Moments after Mr Kenny declared in Brussels that he had achieved solid progress overnight at a tense EU summit, Dr Merkel moved abruptly to curtail the scope of the effort to break the link between bank and sovereign debt.
The chancellor’s intervention, which took high-level EU figures by surprise, has cast a new cloud of uncertainty over the feasibility of Mr Kenny’s demands.
For the first time in public, she backed her finance minister Wolfgang Schäuble in his assertion that national bodies must remain responsible for most banking debts.
The question of who takes responsibility for “legacy” banking debts has emerged as one the most sensitive issues to be settled in complex talks on the recapitalisation of stricken banks by the ESM.
Although EU leaders decided at the summit to farm out this discussion to euro zone finance ministers, Dr Merkel pre-empted these talks even though the EU leaders did not address this question at the summit.
Their focus had been on fixing a January 1st deadline for a legal agreement on new powers for the European Central Bank to supervise commercial banks, a precondition for direct ESM aid to banks.
This was a “very progressive” step forward, Mr Kenny told reporters. “So that’s good news from that point of view for Ireland and for Europe.”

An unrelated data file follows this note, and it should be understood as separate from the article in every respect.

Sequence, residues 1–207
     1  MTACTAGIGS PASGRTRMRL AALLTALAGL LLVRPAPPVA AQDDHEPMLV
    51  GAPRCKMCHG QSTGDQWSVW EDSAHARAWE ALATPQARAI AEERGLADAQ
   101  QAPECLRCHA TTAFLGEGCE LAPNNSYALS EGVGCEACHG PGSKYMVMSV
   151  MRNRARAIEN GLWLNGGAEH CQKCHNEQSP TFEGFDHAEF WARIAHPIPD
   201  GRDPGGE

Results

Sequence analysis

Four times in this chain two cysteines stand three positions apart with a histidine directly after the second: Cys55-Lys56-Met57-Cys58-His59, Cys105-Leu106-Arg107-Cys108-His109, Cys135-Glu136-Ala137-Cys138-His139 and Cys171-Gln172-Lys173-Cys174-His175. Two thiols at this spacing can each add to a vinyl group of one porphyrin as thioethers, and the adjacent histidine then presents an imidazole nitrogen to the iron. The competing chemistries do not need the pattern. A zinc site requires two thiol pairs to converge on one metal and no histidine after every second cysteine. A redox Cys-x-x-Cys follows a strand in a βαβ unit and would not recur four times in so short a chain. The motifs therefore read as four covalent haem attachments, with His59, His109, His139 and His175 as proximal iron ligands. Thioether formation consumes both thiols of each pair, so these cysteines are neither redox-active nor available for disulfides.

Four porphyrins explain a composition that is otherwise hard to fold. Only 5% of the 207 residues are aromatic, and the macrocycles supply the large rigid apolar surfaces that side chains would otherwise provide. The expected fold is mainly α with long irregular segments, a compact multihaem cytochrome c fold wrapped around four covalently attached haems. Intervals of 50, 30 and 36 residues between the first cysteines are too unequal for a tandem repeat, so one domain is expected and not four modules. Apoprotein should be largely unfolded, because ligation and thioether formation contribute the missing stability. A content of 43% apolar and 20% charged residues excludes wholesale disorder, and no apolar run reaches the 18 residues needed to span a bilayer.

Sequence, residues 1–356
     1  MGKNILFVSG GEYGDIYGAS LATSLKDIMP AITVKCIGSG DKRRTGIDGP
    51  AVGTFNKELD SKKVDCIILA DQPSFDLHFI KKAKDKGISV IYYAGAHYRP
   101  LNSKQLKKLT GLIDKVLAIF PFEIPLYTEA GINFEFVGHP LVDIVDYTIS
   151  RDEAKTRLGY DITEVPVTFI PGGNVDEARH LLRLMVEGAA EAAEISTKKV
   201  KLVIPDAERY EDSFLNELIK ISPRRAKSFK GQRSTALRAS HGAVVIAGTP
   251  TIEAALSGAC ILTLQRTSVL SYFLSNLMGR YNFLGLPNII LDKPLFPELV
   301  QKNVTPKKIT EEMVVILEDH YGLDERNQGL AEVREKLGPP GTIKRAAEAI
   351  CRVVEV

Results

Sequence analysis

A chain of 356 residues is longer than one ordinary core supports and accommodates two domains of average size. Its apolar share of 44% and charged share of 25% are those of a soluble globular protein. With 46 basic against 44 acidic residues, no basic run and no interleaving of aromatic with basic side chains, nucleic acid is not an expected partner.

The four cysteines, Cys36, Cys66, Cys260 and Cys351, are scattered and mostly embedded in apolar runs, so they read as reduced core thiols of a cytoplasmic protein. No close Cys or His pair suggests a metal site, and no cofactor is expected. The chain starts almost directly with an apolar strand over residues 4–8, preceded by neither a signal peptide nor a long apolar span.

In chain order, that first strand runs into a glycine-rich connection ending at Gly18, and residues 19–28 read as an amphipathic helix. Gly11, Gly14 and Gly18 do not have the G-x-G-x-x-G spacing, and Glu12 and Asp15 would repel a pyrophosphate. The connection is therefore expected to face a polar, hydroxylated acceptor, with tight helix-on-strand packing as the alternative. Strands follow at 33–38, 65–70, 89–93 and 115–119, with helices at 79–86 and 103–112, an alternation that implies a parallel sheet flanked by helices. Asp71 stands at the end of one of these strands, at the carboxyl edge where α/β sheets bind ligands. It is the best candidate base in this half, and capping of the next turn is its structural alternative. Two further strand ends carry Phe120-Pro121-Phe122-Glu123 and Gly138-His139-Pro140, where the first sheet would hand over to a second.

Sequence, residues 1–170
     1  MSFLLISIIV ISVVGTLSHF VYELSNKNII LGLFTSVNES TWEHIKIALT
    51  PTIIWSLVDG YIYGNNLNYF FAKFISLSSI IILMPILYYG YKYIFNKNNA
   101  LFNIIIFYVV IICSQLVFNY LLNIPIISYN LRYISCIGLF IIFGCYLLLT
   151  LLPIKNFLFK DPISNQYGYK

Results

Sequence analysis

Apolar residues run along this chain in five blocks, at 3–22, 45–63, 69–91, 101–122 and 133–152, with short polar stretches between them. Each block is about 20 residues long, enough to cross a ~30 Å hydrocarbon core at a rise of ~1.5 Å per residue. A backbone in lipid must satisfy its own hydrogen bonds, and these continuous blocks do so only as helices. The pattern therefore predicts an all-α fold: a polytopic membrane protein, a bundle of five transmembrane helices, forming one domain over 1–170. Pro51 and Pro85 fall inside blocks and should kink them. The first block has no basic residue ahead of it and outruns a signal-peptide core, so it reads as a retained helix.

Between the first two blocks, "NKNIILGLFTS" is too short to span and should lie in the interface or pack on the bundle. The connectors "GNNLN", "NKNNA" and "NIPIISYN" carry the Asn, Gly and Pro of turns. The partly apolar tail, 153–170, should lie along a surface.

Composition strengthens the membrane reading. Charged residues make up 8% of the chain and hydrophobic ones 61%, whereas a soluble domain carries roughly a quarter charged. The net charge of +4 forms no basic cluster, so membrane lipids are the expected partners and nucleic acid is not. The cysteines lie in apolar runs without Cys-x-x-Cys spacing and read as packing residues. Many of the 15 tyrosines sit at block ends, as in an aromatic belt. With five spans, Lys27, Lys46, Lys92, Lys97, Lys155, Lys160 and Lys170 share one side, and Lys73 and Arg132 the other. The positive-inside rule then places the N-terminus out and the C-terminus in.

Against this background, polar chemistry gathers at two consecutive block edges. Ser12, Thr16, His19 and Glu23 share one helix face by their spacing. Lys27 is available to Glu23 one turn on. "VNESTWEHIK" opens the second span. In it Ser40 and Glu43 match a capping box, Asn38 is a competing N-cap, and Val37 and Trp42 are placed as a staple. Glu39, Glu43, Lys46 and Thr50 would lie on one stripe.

It was only shortly afterwards, in a briefing room down the corridor from where Mr Kenny held his own press conference, that Dr Merkel spoke.
Answering a reporter’s question about the possibility that any ESM rescue of Spain’s banks would damage her re-election campaign next year, she ruled out the fund taking on retrospective liabilities.
“I hadn’t even thought of the elections before hearing such ideas here. The capital needs of Spanish banks have just been evaluated and a programme for their recapitalisation has been agreed,” she said.
Spain only needs to ask for the tranches of funds. There will be no retroactive direct recapitalisation, either.” These remarks were immediately seen as an implicit rebuff to the demands of Mr Kenny and his supporters for a mutualisation of banking debt.
A German government spokesman in Berlin later said her remarks were simply a reiteration of the current legal position and that there was nothing new in them; they were not about Ireland.
In Dublin, the Government spokesman also sought to play down the significance of her remarks.
“We understand that Chancellor Merkel was asked a direct question about the recapitalisation of Spanish banks and she replied in that context,” he said. His statement also noted that the pledge by EU leaders to sever the loop between bank and sovereign debt still stands.
The possibility of the ESM paying for existing bank debts is crucial for Spain, given fears that its banking crisis could overwhelm the government of premier Mariano Rajoy.
This, in turn, has prompted anxiety in France and Italy that any escalation of the Spanish banking emergency would affect them.
Top-ranked French officials said the notion of the ESM taking on historic debt was seriously in play in the wake of the summit. “The discussion we must have is to guarantee the retroactive effect of this, which is very important vis-à-vis the markets. It will take some time – weeks or months,” a senior Elysée figure said.
“It’s important to reflect on the stability of the euro zone and how to deal with this historic problem.”